Between Exit and Voice: Informality and the Spaces of Popular Agency – Introduction

by Ilda Lindell, Guest Editor 


The last decades have witnessed deepening processes of informalization and casualization in Africa and beyond. Growing numbers of people rely on economic activities occurring beyond state regulation, something that is widely evident in urban areas. Multiple dynamics are converging to drive these trends that have resulted in new floods of entrants into the informal economy, including a great expansion in self-employment. Juxtaposed to these dynamics are the more long-standing informal activities through which popular groups have coped with the lack of formal work opportunities and basic services. Parallel to the widespread trends of informalization and casualization are, in some contexts, a resurgence of attempts to bring segments of the informal economy under some form of state regulation, which may be interpreted as selective drives towards some kind of formalization. The drive for formalization has also gained impetus in international development discourse. These developments confirm that the boundary between what is and is not to be regulated by the state (or between what is and is not considered legitimate economic activity) is a shifting one. The drawing and re-drawing of this boundary is a contested process that involves social struggles and a variety of actors, encompassing both powerful interests and popular forces, including informal and casual workers themselves. The contributions in this special issue address the politics involved in and ensuing from processes of informalization/formalization in particular contexts. They discuss some of the contradictions, tensions, and conflicts that have emerged in the context of such processes. The papers deviate from the common victimizing views of informal actors by examining varied spaces and forms of popular agency in relation to those processes. The introduction comprises two parts: highlighting these issues on the basis of a selective discussion of the topics addressed by the papers; and, reflecting upon the varied forms that agency among informal actors can take along a spectrum that encompasses both strategies of invisibility and visibility, of exit and voice.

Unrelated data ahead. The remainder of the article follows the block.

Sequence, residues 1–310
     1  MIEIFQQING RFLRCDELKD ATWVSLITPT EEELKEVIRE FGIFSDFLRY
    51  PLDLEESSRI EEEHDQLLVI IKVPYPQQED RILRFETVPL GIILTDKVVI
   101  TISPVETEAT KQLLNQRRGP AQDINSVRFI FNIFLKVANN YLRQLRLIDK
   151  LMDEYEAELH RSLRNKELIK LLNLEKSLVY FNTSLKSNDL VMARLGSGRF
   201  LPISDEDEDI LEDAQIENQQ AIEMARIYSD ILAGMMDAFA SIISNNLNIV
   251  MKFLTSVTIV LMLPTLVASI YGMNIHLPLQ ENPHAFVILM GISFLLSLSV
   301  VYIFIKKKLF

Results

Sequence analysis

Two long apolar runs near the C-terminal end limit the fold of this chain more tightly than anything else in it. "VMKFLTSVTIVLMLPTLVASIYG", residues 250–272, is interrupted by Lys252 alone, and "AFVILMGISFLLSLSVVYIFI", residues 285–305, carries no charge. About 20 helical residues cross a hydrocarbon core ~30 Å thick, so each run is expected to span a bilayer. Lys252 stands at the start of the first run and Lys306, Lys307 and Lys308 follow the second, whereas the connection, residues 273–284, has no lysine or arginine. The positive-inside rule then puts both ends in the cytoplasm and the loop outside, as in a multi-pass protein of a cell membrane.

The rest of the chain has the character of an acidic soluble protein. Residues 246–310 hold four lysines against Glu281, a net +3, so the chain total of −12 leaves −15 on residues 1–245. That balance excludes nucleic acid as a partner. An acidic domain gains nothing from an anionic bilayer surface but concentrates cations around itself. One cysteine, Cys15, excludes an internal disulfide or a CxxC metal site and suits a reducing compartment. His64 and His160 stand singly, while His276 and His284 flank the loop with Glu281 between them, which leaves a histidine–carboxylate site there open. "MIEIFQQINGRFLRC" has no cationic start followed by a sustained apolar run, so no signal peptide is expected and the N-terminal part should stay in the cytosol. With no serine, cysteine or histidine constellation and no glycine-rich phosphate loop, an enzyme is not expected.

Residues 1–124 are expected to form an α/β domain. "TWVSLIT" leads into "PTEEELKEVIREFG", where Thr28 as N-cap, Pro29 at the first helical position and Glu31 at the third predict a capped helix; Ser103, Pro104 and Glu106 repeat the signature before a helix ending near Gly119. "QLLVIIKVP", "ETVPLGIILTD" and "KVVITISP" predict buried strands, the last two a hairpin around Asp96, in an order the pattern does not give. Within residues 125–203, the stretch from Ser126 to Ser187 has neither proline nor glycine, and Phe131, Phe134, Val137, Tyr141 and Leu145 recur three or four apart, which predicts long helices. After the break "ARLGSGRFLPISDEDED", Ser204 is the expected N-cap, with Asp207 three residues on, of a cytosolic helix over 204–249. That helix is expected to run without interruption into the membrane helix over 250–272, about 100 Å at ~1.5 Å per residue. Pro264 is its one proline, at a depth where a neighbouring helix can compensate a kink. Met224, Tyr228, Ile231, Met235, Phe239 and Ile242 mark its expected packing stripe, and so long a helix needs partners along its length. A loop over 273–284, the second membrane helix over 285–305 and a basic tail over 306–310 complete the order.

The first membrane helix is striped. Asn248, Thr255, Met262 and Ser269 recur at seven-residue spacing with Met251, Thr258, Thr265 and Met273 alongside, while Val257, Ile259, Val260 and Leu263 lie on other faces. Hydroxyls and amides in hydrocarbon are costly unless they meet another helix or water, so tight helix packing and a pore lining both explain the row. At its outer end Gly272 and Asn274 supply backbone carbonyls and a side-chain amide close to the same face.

Full Text PDF

Ilda Lindell is a researcher at the Nordic Africa Institute and an Associate Professor of human geography at Stockholm University, Sweden. Her current research focuses on collective organizing in urban informal economies in Africa, including links to international movements and relations with other organized actors. She is the editor of Africa’s Informal Workers: Collective Agency, Alliances and Transnational Organizing in Urban Africa (2010).


Tagged as: